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## Learning Opportunities

This puzzle can be solved using the following concepts. Practice using these concepts and improve your skills.

## Goal

When written with seven-segment display (Cf. banner image), a hexadecimal digit may still read when flipped vertically or horizontally. What is the result of applying a sequence of horizontal and/or vertical flip instructions to a given hexadecimal number?

- The sequence of flips is the number itself, but expressed in binary: 0 stands for horizontal and 1 for vertical.
- If the result is not a valid hex number, print Not a number.
- Should the result exceed 1000 hex digits, display only the initial 1000.
- Leading zeros in input and/or output are ok.

Below is how 123456789abcdef0 looks like after one flip:

`Horizontal flip:    123456789abcdef0  |  0#9b#d6e8#a2##51                  -------------------Vertical flip:      153#2e#8a9#c#6#0`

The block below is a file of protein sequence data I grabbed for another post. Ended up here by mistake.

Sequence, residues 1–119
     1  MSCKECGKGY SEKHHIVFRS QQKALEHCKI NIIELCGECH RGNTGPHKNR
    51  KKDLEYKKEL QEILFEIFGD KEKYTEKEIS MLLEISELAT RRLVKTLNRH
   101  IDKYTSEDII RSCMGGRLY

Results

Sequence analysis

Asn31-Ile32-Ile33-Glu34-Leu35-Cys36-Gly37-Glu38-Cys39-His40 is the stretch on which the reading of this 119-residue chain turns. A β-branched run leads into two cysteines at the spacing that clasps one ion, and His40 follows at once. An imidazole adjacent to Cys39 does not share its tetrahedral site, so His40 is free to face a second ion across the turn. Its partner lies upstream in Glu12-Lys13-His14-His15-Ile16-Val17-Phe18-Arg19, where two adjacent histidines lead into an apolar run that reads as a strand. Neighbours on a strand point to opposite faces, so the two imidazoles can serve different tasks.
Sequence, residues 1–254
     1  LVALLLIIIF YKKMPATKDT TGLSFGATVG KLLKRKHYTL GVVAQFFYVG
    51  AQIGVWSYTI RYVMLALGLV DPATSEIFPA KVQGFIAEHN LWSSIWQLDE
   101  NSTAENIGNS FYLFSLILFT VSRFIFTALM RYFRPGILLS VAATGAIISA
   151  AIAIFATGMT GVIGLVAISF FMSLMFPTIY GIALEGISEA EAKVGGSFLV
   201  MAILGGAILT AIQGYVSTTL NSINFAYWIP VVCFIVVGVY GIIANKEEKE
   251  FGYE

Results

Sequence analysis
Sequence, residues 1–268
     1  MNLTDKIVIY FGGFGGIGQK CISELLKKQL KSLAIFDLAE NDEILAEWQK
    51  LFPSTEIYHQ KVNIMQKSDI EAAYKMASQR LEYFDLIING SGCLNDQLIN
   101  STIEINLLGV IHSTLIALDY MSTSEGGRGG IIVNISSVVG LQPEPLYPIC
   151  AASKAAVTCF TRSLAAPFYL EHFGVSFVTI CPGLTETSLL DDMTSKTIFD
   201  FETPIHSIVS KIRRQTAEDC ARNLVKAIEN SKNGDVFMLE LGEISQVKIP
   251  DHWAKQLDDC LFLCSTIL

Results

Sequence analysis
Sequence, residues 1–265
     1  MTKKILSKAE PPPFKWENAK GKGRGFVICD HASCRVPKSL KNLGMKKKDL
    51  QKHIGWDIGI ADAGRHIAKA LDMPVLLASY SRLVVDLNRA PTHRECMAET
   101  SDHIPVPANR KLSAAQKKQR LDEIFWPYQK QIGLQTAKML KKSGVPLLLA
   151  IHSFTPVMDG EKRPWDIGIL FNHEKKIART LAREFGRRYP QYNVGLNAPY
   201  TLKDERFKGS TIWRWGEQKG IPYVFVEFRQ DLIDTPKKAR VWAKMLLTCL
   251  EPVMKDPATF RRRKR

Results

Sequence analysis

The # symbol above means arbitrary shapes that don't look like a valid hex digit.

Example: Let the hex number be 15 (0x15). Converting 0x15 to bin gives 10101 (0b10101).
The flipping sequence is therefore: vertical → horizontal → vertical → horizontal → vertical.

`   15  ----   12   |   51           ----            21   |   15                    ----                     12`
Input
The hexadecimal number to flip, written using the characters 123456789abcdef0
Output
The obtained hexadecimal (up to 1000 hex digits) or Not a number.
Constraints
0 < length of number <= 10000 hex digits (up to 16^10000 😲 in base 10!)
Example
Input
`15`
Output
`12`

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